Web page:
This award-winning author explains how working with a writing mentor can help you achieve your goals and be more successful—but warns of the challenges that come along with it.
by Dr. Katherine Hutchinson-Hayes
After leaving school administration to pursue a career in writing, I went through a similar process I’d been through as a principal by finding and working alongside a mentor. Mentors are indispensable, and working with a mentor can be incredibly beneficial for authors, providing them with valuable opportunities to receive guidance and feedback on their work. However, there are specific challenges that authors may face when working with mentors. This article will discuss some of these challenges and how to overcome them.
One of the most significant challenges authors face when working with mentors is finding the right match. Finding a mentor who understands your writing style and goals, and who can provide constructive feedback tailored to your needs is important. If you need to be a better fit with your mentor, getting the most out of the experience can be challenging.
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Another challenge is balancing your mentor’s feedback with your vision for your work. While it’s vital to consider your mentor’s suggestions, you want to maintain your voice and style. Finding the right balance between incorporating your mentor’s feedback and staying true to yourself as a writer can be difficult.
Communication can also be a challenge when working with a mentor. It’s essential to establish clear expectations and boundaries and communicate openly and honestly about your needs and concerns. If you’re uncomfortable with something your mentor suggests, speaking up and voicing your opinion is paramount.
Working with a mentor is a process, and it takes time and effort to build a strong relationship. It’s important to be patient and open to feedback and to take the time to reflect on your work and your goals. With the right mindset and approach, working with a mentor can be an enriching experience to help you grow and develop as a writer.
Writing can be an isolated profession, but a mentor makes it more communal and less lonely.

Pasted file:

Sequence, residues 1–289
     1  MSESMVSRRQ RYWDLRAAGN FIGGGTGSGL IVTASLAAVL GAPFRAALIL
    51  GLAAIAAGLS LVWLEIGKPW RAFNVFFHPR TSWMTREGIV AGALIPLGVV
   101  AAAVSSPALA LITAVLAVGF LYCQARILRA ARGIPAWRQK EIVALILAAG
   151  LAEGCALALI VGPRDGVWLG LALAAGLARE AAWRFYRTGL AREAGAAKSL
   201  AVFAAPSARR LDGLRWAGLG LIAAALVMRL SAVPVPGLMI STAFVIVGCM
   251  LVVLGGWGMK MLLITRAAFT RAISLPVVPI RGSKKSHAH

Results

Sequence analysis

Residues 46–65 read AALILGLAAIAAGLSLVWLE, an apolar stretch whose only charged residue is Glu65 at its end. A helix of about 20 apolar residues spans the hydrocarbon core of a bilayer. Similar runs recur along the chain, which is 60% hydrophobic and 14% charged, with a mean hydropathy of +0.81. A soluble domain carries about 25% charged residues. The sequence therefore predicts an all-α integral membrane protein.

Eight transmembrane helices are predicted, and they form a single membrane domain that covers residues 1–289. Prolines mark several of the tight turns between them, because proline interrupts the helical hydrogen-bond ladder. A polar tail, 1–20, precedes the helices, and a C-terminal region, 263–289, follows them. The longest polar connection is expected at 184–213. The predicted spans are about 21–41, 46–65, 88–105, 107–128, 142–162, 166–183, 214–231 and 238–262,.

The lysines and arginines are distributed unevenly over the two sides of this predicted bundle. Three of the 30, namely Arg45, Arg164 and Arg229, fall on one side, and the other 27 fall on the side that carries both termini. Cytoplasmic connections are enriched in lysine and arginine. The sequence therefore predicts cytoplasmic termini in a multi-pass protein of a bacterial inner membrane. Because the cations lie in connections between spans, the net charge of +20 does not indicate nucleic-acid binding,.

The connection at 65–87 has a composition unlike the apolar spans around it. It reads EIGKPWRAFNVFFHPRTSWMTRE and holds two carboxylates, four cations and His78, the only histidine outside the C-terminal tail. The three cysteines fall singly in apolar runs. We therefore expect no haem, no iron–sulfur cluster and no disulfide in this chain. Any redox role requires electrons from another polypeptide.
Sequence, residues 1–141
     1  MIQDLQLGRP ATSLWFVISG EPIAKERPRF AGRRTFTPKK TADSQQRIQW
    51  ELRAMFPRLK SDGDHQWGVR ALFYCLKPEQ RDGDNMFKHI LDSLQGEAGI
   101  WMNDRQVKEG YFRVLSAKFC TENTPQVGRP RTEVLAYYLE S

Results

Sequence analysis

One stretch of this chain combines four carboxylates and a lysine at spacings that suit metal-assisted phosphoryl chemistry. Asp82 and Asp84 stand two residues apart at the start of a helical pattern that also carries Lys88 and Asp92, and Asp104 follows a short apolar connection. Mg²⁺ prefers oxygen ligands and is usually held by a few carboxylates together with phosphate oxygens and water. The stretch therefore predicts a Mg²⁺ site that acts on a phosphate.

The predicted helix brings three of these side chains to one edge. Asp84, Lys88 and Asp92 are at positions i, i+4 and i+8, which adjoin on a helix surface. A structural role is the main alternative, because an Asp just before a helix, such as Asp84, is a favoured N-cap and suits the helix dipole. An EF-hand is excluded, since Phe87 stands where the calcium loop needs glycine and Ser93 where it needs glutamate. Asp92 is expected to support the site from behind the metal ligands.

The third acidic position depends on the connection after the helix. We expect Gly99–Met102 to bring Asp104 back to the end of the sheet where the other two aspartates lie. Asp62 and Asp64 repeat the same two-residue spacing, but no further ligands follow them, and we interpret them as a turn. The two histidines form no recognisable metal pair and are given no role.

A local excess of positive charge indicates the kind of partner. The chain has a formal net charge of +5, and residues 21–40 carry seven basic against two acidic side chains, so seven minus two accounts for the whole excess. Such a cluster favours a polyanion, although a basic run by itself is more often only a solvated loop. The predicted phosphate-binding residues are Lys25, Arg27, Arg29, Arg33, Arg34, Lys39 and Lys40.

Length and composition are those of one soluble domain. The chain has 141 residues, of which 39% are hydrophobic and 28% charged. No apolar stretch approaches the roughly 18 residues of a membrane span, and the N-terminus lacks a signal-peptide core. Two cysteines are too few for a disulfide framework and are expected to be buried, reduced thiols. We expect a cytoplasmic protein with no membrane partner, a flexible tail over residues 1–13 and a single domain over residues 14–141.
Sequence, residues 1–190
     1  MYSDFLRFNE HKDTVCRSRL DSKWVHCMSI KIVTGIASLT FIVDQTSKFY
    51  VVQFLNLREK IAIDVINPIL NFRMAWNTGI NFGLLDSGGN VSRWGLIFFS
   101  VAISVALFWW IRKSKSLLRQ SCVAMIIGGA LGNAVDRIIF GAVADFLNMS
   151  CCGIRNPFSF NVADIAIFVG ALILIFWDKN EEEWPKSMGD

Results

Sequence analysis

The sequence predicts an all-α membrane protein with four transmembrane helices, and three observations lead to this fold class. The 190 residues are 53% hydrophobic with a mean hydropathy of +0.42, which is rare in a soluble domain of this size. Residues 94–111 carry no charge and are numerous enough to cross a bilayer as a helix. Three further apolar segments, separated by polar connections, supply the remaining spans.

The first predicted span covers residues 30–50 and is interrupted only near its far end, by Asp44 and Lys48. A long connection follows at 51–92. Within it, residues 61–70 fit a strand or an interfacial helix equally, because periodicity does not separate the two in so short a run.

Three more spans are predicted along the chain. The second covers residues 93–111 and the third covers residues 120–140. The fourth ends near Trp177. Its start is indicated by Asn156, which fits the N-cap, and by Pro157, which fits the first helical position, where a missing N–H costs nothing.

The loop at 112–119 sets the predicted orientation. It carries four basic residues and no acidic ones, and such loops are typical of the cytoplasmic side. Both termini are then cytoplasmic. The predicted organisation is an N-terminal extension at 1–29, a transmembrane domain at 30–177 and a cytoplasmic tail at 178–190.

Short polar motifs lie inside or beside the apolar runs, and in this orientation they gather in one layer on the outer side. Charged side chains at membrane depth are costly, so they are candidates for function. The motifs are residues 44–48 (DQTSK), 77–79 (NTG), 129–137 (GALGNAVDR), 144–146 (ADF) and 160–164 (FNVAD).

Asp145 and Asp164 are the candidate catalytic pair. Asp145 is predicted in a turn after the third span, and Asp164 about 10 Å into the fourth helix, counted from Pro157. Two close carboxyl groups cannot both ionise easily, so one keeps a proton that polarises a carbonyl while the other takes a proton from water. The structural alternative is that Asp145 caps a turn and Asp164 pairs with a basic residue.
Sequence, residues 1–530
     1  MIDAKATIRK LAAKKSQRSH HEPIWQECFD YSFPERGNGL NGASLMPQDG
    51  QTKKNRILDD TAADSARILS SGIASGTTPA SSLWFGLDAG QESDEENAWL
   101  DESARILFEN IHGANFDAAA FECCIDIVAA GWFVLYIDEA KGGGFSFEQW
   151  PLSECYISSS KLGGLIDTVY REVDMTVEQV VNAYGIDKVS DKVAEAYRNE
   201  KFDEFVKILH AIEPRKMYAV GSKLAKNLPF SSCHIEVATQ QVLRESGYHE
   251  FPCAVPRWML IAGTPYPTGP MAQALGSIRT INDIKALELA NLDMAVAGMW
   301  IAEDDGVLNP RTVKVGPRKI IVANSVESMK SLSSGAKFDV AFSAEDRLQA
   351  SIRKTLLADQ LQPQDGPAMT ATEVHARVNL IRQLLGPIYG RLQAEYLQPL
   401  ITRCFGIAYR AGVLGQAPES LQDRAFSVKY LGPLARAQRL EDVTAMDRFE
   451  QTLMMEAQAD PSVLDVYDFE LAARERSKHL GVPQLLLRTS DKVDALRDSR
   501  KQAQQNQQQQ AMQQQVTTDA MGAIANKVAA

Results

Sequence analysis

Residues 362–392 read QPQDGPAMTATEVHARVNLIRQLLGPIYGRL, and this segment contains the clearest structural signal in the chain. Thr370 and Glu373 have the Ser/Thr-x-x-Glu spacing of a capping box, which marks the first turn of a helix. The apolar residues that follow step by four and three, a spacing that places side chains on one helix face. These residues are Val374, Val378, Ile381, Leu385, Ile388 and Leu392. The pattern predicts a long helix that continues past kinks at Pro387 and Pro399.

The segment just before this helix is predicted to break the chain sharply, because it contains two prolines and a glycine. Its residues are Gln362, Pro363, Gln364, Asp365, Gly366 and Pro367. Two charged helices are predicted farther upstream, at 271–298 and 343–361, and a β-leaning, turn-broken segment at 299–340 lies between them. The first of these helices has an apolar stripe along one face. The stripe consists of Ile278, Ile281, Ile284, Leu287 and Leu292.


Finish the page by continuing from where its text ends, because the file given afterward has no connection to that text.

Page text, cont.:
In his interview with Susannah Hunnewell in The Art of Fiction No. 196 (The Paris Review), Nobel Prize–winning author Kazuo Ishiguro shares that writing was his second career. Originally, he was a musician, where he continually worked with mentors. He described dreading his MFA program and belonging to a writing community because of the expected “humiliation and scrutiny.” He explained that instead of humiliation, he experienced “growth, feedback, and confidence” working with writing groups and mentors. Later, Ishiguro had two impactful mentors. One taught him the business of writing and introduced him to his agent.
A unique quality about writing is it can be an isolated profession. A mentor makes writing more communal and less lonely. Also, keeping goals in writing is tough, but sticking to our goals is easier with a mentor. Here are five ways mentors help authors become successful and achieve their goals:
1. Provide valuable feedback. Authors work with mentors to learn the art of developing a thick skin and responding appropriately to input revisions and deadlines.
2. Promote growth. Mentors help establish a baseline from the first draft to the final copy. They can also help create a process for revision.
3. Procure consistency. Mentors require authors to develop good habits of having someone to report to, thus creating accountable writers.
4. Precise guidance. Mentors assist in finessing the craft and business of writing. They often have vital connections and insight. Sometimes, an author’s career can take off because of an introduction to the right person.
5. Prioritize goals. An honest mentor will encourage while also warning of the pitfalls of poor planning issues with style while exposing mentees to the art of setting and achieving goals.
A writing mentor will give you advice and feedback on your challenges and goals. When working with a seasoned mentor (who may come as an author, editor, or teacher), their guidance is based on their experience traveling to the places you want to go. While there may be challenges when working with a mentor, the benefits of having a trusted advisor to guide you through your writing journey can be immeasurable.
By finding the right match, balancing feedback with your vision, communicating openly, and being patient, you can make the most of the mentor-mentee relationship and take your writing to the next level. In every career, I’ve discovered they’re invaluable for authors. Behind the scenes, there are tears, revisions, and rejection because growth is painful. However, the pain is worth the growth. I’ve experienced success working with my mentor by achieving many of my writing goals.
Katherine Hutchinson-Hayes, Ed.D., is an author, speaker, educational consultant, and editor who has had her hand in leadership for many years. She loves speaking to groups and delivering messages with a quick wit and real-life stories. Katherine is a content editor and writing coach for Iron Stream Media and a sensitivity reader for Sensitivity Between the Lines. She also is a review board member and contributor to Inkspirations (an online magazine for Christian writers), and her writing has been published in Guideposts.
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